Fernie owes its existence to the start-up of the local coal mines in 1897 and the arrival of the Canadian Pacific Railway in 1898. Filled with closely spaced wooden buildings and surrounded by the forests of the Elk Valley, Fernie has been threatened by fires throughout its history. In the early days, due to a lack of resources, bush fires routinely burned uncontrolled and small fires in town could quickly escalate into catastrophic events.
Fires have taken lives and destroyed property, but they have also focussed community spirit. Following each fire, the community has rallied together to rebuild and make Fernie even stronger and better than before. Much of what you see today in Fernie is a result of these disasters.
The young town of Fernie’s first major fire reduced the business section to ashes in four hours. From these ashes rose a “fireproof” downtown and the newly incorporated City of Fernie.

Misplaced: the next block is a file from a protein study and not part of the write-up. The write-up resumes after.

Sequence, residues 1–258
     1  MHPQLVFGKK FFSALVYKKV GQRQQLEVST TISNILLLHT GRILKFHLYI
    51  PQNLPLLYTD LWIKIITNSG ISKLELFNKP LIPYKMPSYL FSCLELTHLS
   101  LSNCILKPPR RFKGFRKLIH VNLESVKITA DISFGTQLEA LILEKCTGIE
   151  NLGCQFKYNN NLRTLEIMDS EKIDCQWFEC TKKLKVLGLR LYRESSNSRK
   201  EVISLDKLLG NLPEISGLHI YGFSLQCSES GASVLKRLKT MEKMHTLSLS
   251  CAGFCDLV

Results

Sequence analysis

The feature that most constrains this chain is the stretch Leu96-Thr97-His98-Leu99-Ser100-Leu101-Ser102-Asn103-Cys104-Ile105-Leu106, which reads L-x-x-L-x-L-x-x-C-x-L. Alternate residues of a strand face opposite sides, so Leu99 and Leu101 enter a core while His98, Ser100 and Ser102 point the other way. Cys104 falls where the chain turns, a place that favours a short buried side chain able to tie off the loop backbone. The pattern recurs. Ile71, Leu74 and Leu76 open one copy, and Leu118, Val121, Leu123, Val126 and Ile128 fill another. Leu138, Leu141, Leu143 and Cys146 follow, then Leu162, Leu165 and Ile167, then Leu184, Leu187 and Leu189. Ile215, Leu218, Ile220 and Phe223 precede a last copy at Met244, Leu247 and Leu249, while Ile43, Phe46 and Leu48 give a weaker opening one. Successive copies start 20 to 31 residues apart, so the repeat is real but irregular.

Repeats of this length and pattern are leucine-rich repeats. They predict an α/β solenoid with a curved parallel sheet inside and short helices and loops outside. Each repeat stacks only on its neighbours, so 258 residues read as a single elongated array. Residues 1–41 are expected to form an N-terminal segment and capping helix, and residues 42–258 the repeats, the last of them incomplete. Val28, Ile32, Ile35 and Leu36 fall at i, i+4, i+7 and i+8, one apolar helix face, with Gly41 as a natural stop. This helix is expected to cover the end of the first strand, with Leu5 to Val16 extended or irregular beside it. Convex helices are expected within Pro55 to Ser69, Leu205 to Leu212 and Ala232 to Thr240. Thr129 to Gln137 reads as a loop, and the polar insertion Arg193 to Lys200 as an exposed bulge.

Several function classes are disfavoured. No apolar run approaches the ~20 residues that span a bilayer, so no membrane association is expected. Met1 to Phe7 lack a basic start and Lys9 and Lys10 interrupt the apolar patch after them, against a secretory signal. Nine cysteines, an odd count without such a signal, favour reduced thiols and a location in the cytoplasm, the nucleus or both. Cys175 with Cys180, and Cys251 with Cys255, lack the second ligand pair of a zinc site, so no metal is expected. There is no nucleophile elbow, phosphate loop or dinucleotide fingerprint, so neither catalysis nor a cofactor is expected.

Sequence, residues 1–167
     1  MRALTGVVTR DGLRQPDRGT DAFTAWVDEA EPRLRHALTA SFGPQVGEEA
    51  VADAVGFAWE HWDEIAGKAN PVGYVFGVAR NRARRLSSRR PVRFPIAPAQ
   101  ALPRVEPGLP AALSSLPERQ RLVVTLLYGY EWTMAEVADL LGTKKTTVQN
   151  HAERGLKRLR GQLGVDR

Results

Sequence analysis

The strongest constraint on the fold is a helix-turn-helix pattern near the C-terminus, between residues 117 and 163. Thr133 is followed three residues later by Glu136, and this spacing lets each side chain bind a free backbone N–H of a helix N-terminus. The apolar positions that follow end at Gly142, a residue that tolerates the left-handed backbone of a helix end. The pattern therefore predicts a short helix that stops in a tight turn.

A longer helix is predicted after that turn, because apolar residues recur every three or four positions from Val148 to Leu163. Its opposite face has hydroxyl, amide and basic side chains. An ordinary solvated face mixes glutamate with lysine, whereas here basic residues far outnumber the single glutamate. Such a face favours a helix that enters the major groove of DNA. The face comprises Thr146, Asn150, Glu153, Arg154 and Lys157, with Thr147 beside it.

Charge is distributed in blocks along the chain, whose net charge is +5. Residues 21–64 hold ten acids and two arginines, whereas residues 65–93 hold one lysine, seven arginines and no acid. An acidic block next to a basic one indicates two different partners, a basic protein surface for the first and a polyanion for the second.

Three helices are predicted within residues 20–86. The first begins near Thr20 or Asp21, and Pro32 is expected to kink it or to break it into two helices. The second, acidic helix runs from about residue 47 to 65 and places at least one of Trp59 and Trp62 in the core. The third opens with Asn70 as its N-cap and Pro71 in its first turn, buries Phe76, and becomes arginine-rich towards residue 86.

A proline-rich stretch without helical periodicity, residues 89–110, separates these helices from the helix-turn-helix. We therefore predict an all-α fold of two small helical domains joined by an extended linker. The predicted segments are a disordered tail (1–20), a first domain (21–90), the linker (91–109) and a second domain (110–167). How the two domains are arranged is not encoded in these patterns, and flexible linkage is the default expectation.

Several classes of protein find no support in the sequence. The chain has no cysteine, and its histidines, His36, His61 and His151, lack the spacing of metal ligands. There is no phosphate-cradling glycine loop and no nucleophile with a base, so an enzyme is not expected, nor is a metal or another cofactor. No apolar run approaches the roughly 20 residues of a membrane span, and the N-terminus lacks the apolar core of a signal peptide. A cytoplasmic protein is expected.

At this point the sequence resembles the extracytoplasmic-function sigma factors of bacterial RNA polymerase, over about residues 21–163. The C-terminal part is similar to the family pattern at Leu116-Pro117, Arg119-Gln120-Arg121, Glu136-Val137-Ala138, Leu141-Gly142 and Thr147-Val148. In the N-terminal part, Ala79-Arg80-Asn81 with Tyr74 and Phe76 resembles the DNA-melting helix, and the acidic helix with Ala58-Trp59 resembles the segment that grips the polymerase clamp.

In the early morning hours of April 29, 1904, at Richards General Store, a small, unnoticed fire quickly grew and spread. With no alarm to call out firefighters and a lack of pressure in the water mains, it was difficult to contain. The chemical fire engine worked well until the only person able to operate it was overcome with the smoke. Fortunately no lives were lost, but by morning, the entire business section of Fernie was gone; sixty-five buildings along six blocks of Victoria Avenue (Second) and Baker Avenue (First) valued at almost $500,000 (1904 dollars).
It didn’t take Fernie long to recover. The Board of Trade met the next day in the Fire Hall. Discussions of widening Victoria Avenue and resurveying lots led to the ongoing topic of incorporation. Spurred on by the spring fire, the city of Fernie was incorporated July 28, and the first municipal election took place August 19.
In the following months, businesses were rebuilding along the newly widened Victoria Avenue. Larger, more permanent buildings, many constructed of brick, stone and concrete, began to appear. Water and fire systems were upgraded. The city and its inhabitants were justifiably proud of their new and improved city centre, but four short years later, nature would return to see how “fireproof” Fernie really was.